Her first pitch was a fastball that wasn't very fast. Rickey Henderson swatted it deep into the left field stands.
Caitlin struggled through the inning, nibbling at the corners with breaking balls and off-speed pitches. And she kept struggling all night, striking out nobody and surrendering hits in every frame. Only dazzling defense by the Senators kept the score down to 3-0 after seven innings. In the eighth, the Yankees loaded the bases with one out, and Don Mattingly ripped a wicked shot down the first base line. But Harding made a diving grab and then doubled Randolph off first.
Psyched by that play, the Senators rallied in their half of the eighth, pounding Ron Guidry for six hits and four runs to take a 4-3 lead.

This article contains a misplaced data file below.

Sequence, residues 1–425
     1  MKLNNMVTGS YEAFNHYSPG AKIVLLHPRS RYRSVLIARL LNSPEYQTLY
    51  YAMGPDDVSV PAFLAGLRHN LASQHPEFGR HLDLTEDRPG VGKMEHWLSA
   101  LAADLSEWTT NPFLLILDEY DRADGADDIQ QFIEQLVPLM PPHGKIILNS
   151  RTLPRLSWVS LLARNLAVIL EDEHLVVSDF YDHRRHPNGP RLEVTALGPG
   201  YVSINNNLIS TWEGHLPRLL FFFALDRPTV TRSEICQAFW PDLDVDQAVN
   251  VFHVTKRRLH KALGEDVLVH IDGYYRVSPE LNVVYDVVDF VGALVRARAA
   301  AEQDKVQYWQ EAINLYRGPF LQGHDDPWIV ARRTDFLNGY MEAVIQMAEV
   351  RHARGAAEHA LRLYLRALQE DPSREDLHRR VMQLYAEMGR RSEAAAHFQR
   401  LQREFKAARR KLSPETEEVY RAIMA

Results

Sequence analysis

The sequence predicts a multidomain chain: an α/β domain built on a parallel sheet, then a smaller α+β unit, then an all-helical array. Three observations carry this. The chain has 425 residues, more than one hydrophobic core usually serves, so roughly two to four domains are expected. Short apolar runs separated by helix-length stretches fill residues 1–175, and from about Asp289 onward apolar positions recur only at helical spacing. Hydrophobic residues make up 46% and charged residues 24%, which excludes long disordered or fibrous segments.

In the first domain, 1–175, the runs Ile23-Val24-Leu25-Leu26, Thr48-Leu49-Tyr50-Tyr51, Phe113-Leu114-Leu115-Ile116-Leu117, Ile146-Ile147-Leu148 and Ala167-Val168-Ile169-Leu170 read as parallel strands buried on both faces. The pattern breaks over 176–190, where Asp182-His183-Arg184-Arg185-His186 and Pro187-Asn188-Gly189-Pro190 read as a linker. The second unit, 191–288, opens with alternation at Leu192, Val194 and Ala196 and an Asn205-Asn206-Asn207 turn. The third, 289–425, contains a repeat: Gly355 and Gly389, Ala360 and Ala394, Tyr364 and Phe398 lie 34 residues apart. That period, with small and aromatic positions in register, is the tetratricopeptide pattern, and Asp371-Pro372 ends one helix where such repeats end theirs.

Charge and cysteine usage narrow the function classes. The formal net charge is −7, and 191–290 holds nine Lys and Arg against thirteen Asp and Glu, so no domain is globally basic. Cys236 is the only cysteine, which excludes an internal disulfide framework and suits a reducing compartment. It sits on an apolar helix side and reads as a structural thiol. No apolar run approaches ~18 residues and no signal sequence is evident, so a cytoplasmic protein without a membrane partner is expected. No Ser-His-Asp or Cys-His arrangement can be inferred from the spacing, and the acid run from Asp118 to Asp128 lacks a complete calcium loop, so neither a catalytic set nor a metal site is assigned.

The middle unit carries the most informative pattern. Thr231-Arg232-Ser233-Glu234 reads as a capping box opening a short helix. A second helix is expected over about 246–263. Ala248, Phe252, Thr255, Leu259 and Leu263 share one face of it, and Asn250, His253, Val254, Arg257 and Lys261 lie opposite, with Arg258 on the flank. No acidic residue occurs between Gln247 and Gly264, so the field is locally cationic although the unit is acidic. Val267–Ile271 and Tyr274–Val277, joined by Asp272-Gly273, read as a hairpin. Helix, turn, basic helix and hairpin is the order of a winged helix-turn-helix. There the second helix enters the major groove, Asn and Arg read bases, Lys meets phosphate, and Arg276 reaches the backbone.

Smelling victory, Caitlin came out for the ninth throwing heat. She struck out Dave Winfield, Mike Easler and Mike Pagliarulo on nine straight fastballs and left waving her hat to a screaming crowd. The New York Post's headline said it all: "MOM SPANKS YANKS."
On Saturday afternoon, Pappy Doyle took up where Caitlin left off. Throwing forkballs, palmballs -- and, if the Yankees are to be believed, spitballs and scuffballs -- he set the pinstripers down in order in the first, then sprinted to the dugout to see if his fiance'e had heard from the commissioner. She hadn't. He did the same in the second, the third, the fourth, the fifth and the sixth -- throwing zips, then scooting back to the clubhouse to find no news.
After mowing the Yankees down in the seventh, he found Caitlin packing her suitcase. Without a word, she handed him the letter from the commissioner's office. He read it, then threw it down in disgust. "Wait a minute," he said. "I'm coming with you."